If you are a woman in America, right now, especially when gathering with other women, the conversation always veers towards Harvey Weinstein. With a cascade of women coming forward, every day, from all walks of life, the pundits are calling this a “watershed moment”.
At one such female get together, a young woman in her mid-thirties I had never met before marvelled at women’s silence. “I can’t understand why they didn’t scream or run away” she mused from under her blond bangs.
I thought of the generational gap between us and that, perhaps, things are really changing.
“It’s not so black and white as you make it out to be” I said “I am culpable, like many women my age, of aiding and abetting such behavior through my silence.”
There are four instances I can think of when I was physically molested over the course of my work duties. For fifteen years I worked in the music business, an intensely male dominated industry, a boys club par excellence. When I first started, there were a couple of women in management’s positions, and neither of them was at the top of the heap. Everyone else was a secretary (a term now embellished to assistant) or worked in promotion. Like everybody else, I worked, climbed and elbowed my way up. Always with dignity but very aware that being accepted in the boys’ club was paramount.
I was never raped but in all the four instances when a man (three artists and one actor to be precise) put his hands on me, chasing me around a room (or the back of a limo) I was working. One of them was so aggressive I had to call the reception at the hotel where we were staying to extricate myself. Each time, the men were either drunk or high, which made their behavior easier to reason away.
In the case of the more aggressive musician, the following day I complained to the leader of the band and their manager. “Oh, you know how he gets when he is drunk”, the singer said. The same singer who thought nothing of receiving me into his room naked to discuss business. The same (talented, beautiful, smart, highly successful) singer who, ten years later, sent the same musician into rehab under threat of kicking him out of the band. I imagine the drinking had interfered with his marvelous playing and had nothing to do with sexual assault. And I did not feel an ounce of vindication.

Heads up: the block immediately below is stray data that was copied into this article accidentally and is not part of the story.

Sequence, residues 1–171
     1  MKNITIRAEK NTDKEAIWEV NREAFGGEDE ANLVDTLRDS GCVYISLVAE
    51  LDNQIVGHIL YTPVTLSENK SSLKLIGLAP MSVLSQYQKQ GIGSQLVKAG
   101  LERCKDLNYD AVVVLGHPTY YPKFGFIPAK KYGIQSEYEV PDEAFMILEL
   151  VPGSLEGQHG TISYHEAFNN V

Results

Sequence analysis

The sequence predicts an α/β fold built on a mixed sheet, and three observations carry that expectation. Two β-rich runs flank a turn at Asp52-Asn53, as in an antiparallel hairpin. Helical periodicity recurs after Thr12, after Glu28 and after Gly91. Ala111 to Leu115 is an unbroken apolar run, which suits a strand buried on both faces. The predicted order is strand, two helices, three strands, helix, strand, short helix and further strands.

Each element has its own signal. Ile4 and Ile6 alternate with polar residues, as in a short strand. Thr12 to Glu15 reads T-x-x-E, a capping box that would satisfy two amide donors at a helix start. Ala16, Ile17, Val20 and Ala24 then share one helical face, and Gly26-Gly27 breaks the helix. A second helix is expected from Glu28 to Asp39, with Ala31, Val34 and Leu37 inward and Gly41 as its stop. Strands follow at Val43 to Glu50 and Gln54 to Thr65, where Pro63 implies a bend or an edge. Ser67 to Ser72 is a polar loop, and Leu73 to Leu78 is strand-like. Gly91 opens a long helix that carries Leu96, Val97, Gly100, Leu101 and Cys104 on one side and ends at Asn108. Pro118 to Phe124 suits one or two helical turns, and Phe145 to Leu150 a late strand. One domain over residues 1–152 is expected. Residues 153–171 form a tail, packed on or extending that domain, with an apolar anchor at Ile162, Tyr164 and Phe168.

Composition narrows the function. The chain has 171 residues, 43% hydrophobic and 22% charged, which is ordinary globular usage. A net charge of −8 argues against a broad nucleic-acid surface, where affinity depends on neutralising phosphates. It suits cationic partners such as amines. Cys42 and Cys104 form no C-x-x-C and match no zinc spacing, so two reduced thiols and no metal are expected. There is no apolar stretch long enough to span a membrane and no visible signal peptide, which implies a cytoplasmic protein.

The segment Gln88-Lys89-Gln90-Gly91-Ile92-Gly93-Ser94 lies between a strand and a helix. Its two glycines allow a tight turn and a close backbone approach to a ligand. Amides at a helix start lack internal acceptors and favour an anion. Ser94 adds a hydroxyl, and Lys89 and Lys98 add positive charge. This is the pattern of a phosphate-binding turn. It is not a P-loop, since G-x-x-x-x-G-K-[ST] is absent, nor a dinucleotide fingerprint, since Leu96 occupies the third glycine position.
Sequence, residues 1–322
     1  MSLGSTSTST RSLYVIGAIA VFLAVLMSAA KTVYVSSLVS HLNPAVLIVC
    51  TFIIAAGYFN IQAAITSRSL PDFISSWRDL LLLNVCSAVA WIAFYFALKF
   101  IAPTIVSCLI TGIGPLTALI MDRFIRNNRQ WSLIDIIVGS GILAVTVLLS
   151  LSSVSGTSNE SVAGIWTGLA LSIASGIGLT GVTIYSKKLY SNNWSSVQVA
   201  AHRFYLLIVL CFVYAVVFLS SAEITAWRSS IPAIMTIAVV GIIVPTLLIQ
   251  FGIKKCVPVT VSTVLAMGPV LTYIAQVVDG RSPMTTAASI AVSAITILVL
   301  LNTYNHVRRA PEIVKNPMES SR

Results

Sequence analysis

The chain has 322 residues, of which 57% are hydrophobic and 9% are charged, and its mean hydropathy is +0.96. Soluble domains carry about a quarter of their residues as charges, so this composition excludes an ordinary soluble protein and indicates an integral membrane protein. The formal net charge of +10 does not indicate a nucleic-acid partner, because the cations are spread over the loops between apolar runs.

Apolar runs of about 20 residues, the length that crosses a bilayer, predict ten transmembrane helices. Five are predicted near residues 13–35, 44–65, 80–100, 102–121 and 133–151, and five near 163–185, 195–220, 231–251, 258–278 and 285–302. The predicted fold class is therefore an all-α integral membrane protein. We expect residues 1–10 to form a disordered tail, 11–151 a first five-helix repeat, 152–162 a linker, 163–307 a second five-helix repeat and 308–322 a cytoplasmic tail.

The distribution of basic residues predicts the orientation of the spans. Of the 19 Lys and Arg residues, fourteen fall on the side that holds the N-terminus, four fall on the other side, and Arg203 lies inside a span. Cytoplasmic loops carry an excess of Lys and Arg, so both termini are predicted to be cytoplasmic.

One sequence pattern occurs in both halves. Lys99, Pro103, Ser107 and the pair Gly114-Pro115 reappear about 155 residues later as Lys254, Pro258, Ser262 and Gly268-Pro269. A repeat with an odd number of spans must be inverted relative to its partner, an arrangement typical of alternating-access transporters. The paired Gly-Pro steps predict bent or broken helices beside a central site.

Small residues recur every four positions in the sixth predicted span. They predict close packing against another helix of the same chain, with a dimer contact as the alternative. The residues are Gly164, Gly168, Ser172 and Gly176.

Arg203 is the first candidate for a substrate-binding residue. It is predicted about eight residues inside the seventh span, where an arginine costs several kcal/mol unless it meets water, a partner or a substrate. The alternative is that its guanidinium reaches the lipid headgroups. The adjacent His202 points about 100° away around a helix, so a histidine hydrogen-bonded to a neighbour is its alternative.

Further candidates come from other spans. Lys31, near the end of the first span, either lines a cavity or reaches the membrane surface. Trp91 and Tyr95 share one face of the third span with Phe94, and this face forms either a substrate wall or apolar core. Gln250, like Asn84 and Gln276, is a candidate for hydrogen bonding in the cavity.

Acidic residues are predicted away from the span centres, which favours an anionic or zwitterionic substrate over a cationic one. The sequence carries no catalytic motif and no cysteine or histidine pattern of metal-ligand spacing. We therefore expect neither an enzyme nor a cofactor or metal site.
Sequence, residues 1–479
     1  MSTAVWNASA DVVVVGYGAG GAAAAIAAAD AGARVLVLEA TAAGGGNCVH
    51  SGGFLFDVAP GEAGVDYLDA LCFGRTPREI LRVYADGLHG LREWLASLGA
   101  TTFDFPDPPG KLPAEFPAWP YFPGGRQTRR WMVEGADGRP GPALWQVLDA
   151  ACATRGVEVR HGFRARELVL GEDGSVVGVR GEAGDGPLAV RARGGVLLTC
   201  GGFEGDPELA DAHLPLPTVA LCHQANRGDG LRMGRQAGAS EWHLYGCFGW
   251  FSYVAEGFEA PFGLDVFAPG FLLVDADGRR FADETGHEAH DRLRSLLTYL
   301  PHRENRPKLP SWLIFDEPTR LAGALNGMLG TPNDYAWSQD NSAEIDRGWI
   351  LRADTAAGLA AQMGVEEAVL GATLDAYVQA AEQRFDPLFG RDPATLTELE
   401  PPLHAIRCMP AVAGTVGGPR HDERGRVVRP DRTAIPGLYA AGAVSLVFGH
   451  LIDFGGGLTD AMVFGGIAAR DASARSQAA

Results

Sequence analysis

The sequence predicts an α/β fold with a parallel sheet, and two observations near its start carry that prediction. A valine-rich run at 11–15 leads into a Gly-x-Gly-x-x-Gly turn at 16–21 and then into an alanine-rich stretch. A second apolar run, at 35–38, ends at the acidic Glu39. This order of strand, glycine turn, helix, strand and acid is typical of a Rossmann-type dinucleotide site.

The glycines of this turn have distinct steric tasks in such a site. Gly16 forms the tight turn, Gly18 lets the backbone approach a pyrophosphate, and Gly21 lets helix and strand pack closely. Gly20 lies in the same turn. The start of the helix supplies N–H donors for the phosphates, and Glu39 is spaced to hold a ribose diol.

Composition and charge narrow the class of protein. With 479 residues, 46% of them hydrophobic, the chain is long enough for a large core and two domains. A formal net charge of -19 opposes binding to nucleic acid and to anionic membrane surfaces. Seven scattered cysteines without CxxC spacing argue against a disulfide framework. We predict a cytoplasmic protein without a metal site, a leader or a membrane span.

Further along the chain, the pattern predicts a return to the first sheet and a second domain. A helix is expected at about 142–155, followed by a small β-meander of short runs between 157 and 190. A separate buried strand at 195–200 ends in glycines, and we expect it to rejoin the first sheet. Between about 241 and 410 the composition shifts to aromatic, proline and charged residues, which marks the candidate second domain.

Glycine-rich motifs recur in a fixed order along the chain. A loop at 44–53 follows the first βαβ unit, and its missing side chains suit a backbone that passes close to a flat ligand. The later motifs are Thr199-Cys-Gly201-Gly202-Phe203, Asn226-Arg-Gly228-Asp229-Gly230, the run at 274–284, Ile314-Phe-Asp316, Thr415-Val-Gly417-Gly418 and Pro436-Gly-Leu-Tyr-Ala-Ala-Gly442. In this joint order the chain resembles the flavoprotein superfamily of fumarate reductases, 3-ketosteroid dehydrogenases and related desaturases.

I never spoke up because I instinctively knew that I would have been labelled a nag, a complainer, one who can’t take a joke, who didn’t belong and I would have been marginalized. When the balance of power is so heavily tilted in one direction, you protect yourself and shut up.
So I sat through countless lewd comments aimed at me or other women; through the recounting of countless sexual exploits that objectified women with nothing more than a passing comment, uttered with a smile “Oh you are such assholes”, as if I were sweetly scalding a four-year old. Because, more than anything, I wanted to belong.
I sat through verbal abuse from more than one artists’ manager – tirades they wouldn’t have directed to my male boss. In one instance, the manager’s assistant called me to say “you know how he gets – it’s not about you”. It might not have been about me but I spent one weekend crying in frustration, mostly because I felt there was nothing to be done. He was a prestigious artist, a feather in my resume but, most importantly, a project that was tied to my end of year bonus, to my raises. Complaining would have meant losing him and the financial rewards that went with him.
Do I regret it now? Of course I do. Would I behave the same now? Most definitely not. But I also know, without a shadow of a doubt, that if I had voiced my complaints on a regular basis, my career would have suffered.
All this happened in the three different countries where I worked but a special mention goes to Italy, a country where being desirable is still part of one’s resume: there, I didn’t stand a chance. Talking to an Italian friend a few days ago, she said that it was par for the course, that growing up in Italy you can’t escape the comments, the catcalls, the harassment. It’s just the way it is. Well, yes but it’s the way it is because we, as women, have validated such behavior through silence and justification. Especially in Italy, we never really banded together but were too busy elbowing each other out of the picture instead of presenting a unified front. And, that, I do regret. No amount of mentoring of women I ever did – and still do – will erase the fact that my complicit silence made it harder for all those who came after me.
When I left the music industry, the artist’s manager who screamed at me more times I can recall, sent me a pair of earrings and a bracelet from Tiffany. To this day, they still sit in their robin egg blue box in a drawer, never worn. On the other hand, the Versace shoes another artist gifted me as a thank you – someone who was always courteous, respectful, a gentleman – have been worn to death.